Another product I’ve liked using from Snareweight is the M80. It’s much more affordable and, while not as effective at cutting lower-midrange frequencies, does perform similar to that of Moongel.
KickBlock is a product I’ve mentioned before in our post on kick drum anchors. The concept is simple: stop your bass drum from sliding.
KickBlock is a relatively new company and the owner, Will, sent me one to try.
The product works great and does keep your bass drum still, that is if you have the correct type of rug.
I own an ornate rug, and this style does not work well with KickBlock, unfortunately.
If you have a regular type of drum rug, this should be a non-issue.
More information: KickBlock
I was initially turned on to the FX Series from TruTuner from a YouTube video from rdavidr.
The TruTuner FX Series is a set of attachments for both your drum sticks and kick drum beaters. You can easily add a tambourine or shaker sound texture to your sticks or beaters.
The product fits sticks sizing from 7A to 2B as well as any beater post.
TruTuner also sells a “Rapid Drum Head Replacement System,” which we have also included in our drum tuners roundup. The product loosens all tension rods on any given drum at the same time.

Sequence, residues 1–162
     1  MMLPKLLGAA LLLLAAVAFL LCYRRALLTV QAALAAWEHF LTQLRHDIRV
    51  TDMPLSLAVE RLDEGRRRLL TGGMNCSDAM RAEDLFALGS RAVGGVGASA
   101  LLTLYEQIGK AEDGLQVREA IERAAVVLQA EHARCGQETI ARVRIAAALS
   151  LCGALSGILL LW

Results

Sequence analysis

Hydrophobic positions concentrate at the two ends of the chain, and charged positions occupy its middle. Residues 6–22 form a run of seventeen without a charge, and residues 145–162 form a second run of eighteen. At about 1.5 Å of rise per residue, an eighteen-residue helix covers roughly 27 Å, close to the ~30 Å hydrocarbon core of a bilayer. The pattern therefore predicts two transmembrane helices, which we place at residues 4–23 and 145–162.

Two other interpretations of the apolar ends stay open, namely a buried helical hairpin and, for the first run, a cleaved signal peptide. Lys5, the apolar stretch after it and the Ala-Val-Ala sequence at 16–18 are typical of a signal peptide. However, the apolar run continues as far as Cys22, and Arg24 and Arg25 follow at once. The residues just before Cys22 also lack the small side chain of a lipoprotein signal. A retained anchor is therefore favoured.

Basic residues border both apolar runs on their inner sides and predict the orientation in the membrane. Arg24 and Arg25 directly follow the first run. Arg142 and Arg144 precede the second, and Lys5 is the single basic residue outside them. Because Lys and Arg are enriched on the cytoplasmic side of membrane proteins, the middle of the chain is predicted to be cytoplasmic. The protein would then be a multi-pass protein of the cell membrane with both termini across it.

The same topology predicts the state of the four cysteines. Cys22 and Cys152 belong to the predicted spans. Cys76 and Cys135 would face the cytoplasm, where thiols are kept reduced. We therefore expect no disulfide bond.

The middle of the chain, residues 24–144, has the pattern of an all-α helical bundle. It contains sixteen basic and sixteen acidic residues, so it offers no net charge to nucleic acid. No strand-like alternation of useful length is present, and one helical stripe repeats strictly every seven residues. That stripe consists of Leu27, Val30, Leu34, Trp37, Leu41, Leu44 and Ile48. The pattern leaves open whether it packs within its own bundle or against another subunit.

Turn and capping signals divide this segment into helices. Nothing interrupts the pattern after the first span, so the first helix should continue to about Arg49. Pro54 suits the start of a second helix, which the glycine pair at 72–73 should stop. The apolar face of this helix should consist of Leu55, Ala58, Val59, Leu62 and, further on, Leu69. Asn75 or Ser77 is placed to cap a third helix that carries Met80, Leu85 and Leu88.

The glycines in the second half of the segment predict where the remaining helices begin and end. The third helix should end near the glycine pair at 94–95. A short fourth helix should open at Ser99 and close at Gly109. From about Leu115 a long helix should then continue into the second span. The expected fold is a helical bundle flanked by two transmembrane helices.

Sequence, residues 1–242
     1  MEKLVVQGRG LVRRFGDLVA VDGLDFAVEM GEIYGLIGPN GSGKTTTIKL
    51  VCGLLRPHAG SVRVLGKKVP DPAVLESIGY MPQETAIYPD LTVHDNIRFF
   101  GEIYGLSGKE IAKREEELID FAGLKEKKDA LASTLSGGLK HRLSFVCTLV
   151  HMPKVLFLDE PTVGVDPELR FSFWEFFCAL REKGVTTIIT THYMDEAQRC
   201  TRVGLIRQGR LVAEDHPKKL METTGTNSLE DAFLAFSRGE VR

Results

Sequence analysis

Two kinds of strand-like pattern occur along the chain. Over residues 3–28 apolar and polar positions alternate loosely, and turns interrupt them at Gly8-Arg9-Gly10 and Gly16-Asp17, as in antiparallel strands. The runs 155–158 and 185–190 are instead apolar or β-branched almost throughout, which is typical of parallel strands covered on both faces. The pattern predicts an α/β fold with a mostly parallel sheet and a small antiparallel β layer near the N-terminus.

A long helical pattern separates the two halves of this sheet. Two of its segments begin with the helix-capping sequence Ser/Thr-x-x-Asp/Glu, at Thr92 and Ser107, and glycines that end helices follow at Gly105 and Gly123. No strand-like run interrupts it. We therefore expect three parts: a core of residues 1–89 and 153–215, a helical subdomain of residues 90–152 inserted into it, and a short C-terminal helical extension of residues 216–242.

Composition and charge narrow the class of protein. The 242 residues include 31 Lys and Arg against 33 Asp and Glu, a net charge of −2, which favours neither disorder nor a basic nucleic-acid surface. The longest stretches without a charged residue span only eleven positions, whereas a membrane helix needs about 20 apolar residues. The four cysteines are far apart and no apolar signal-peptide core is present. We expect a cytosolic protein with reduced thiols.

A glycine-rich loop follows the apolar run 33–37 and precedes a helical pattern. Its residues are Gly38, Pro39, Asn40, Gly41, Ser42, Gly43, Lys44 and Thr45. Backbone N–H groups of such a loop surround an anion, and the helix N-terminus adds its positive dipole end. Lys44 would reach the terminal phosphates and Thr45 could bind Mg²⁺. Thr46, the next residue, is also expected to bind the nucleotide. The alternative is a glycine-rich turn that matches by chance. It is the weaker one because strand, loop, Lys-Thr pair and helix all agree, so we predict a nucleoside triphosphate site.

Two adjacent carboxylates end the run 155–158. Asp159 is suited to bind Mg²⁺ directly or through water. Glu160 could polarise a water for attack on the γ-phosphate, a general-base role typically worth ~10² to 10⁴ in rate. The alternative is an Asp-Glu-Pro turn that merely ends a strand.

The product makes for quick head changes and fast tuning.
7) Bass Plate
The Bass Plate is an innovative product that tackles the issue of damaged bass drum counterhoops while using a kick pedal.
We all have clamped down too hard on our bass drum counterhoops and have seen the harm done. Bass Plate eliminates this problem by isolating the kick pedal from the bass drum itself.
Bass Plate is a metal adapter of sorts, that attaches to the kick drum via the lug screws. Once installed, you connect your kick drum to the Bass Plate allowing your kick to float free from the pedal.
Not only does the product save your bass drum from damage, but it also allows the sound to open up more, as the kick is isolated from the pedal.
More information: https://bass-plate.com/
So there we have it: six drum innovations you may want to consider.
Have we missed any new products you’ve used recently? We’d love to hear from you down below in the comments! Thanks for reading.